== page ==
FASB (Finally) Backs Fair-Value Accounting for Cryptocurrency Assets

Cryptocurrency enthusiasts don’t exactly seem like rule-following types. In fact, defying convention likely makes up much of crypto’s appeal for many digital-token owners. Pesky things like accounting standards probably don’t even show up on their radar screens.

On the other hand, accounting for crypto assets is kind of a big deal to publicly traded companies – seeing as they’re regulated by the federal government. Certainty on that issue has been in short supply, but the Financial Accounting Standards Board inched closer last week to arriving at a permanent standard by endorsing fair-value accounting for crypto assets.

As such, bitcoin and other digital tokens would get treated as financial assets under accounting best practices, allowing companies to recognize their appreciation and declines in value in real time. The move will probably please most companies and the accountants who do their books, as the board noted that “an overwhelming majority of stakeholders favored fair-value measurement.”

Absent any hard-and-fast rules for crypto accounting, corporations have been forced to use the standard for indefinite-lived intangible assets in their financial reporting. That means effectively treating their crypto assets like intellectual property and assessing their value annually. Therefore, if the value falls below the price at which the assets were bought, the companies incur a write-down on their financial statements. However, they can’t record gains until they sell their holdings.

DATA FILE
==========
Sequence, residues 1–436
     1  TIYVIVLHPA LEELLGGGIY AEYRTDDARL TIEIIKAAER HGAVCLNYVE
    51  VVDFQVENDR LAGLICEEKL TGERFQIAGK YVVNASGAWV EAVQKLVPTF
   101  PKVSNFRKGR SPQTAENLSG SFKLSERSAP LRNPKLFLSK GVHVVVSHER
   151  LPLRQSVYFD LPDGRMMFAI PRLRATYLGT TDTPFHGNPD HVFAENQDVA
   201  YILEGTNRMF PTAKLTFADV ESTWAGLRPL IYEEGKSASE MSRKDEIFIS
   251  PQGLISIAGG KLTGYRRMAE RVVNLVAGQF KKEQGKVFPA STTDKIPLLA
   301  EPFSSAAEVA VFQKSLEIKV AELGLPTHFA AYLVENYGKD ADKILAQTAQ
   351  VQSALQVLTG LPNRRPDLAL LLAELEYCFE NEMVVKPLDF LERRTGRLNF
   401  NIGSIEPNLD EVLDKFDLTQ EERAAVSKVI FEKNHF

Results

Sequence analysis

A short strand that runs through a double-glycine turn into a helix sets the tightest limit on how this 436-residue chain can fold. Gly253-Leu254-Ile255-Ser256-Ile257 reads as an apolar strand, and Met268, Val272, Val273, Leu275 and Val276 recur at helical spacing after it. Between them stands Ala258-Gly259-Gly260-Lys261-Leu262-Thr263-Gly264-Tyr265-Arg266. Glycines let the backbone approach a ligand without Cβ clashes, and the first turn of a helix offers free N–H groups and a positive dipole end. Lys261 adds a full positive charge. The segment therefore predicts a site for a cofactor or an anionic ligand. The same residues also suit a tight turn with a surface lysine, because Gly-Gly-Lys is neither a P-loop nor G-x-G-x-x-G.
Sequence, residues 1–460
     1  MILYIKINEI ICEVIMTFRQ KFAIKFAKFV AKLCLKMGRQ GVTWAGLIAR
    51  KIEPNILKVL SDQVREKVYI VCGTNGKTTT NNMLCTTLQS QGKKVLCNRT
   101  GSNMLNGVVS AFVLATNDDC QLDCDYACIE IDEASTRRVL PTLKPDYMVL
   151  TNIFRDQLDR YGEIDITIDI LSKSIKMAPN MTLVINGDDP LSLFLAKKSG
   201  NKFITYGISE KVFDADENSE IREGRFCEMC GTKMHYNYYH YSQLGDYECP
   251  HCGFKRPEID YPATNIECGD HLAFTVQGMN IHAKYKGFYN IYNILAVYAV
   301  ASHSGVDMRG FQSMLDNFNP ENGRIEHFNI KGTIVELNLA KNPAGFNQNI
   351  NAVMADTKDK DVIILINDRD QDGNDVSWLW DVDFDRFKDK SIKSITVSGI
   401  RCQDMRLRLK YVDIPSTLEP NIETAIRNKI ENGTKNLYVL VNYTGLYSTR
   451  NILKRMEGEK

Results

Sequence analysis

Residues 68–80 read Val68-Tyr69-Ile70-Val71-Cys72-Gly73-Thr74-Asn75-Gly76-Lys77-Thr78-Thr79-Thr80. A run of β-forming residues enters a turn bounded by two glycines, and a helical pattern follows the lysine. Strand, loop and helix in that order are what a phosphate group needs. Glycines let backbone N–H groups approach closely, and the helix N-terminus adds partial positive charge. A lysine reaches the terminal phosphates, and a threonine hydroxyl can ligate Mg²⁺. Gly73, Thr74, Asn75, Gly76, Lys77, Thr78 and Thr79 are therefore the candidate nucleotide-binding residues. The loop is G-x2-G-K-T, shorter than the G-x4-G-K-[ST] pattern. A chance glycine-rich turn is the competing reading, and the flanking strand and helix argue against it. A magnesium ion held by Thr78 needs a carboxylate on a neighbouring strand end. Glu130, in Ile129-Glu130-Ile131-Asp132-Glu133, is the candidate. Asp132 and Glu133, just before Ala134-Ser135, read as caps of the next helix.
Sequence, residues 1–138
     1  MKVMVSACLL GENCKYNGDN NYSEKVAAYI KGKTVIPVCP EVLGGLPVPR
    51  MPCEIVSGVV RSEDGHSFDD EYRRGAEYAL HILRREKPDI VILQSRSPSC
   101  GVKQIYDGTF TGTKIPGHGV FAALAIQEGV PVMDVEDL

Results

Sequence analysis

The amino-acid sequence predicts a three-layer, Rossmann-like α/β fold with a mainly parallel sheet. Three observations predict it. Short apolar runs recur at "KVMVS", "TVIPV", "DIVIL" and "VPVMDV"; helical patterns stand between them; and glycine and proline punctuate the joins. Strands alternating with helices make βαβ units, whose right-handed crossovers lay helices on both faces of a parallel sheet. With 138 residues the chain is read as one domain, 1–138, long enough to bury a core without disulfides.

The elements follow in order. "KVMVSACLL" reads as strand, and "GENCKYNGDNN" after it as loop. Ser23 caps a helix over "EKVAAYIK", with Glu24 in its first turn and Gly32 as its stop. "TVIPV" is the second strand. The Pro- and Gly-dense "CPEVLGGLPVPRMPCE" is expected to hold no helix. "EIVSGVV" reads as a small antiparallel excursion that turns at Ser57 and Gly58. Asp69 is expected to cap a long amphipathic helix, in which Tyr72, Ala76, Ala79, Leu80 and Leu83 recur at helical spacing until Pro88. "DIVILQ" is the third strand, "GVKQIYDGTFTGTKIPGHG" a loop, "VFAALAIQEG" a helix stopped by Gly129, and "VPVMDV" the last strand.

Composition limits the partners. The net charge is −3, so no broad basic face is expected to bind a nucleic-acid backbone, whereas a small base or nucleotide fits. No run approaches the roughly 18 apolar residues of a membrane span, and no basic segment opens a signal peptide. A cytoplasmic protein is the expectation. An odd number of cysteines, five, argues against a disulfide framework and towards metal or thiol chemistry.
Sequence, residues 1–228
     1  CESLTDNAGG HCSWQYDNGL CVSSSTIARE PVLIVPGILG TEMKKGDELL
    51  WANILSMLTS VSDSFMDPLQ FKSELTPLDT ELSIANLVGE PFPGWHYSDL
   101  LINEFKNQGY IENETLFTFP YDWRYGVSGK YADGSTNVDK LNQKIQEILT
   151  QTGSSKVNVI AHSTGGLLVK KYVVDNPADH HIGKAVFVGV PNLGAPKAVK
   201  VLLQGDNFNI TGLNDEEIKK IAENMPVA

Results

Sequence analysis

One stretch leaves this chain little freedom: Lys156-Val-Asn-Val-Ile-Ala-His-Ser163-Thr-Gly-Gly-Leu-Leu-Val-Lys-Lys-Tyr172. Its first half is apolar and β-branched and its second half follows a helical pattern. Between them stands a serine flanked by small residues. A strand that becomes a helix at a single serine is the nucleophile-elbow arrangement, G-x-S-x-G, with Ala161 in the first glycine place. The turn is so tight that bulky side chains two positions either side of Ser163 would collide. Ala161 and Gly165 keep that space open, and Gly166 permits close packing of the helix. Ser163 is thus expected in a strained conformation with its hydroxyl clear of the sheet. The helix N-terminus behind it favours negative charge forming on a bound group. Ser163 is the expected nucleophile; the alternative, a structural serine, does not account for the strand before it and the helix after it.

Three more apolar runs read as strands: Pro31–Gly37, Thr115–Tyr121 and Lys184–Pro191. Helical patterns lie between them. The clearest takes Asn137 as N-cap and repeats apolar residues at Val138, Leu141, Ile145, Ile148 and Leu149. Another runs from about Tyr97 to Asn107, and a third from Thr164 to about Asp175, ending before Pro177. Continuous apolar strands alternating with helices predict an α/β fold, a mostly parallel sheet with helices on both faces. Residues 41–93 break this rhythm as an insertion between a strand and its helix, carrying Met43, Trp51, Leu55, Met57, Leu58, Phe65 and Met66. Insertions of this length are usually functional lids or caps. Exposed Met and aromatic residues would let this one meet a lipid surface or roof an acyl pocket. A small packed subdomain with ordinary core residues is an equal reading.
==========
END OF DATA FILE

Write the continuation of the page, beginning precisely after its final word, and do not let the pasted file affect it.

To be fair, even though fair-value accounting will make some companies’ balance sheets look healthier, the truth is that it offers transparency benefits that make financial statements more useful to investors, banks, regulators and the public. Cryptocurrencies have shown themselves to be nothing if not volatile over time. It doesn’t present an accurate picture of a company’s financial position if such investments can clearly appreciate in market value but only carry downside on the books. In the words of the FASB, “reflecting only the decreases in the value of crypto assets does not faithfully represent the underlying economics of those assets.”

So, with that accounting issue out of the way, will more companies start investing in crypto? As of now, a small handful of companies have crypto in their holdings. Not surprisingly, the group includes automaker Tesla Inc., run by online performance artist Elon Musk. Meanwhile, one of the largest corporate crypto owners is a software company, MicroStrategy Inc., which owns a portfolio of digital tokens with an estimated value of approximately $2.5 billion.

Once companies can capture crypto valuation gains on their books, it stands to reason that more of them would want to add digital assets to their portfolios. Of course, a more popular accounting standard probably won’t do much to bolster crypto’s appeal with the nonconformists who helped turn crypto into a financial phenomenon in the first place.

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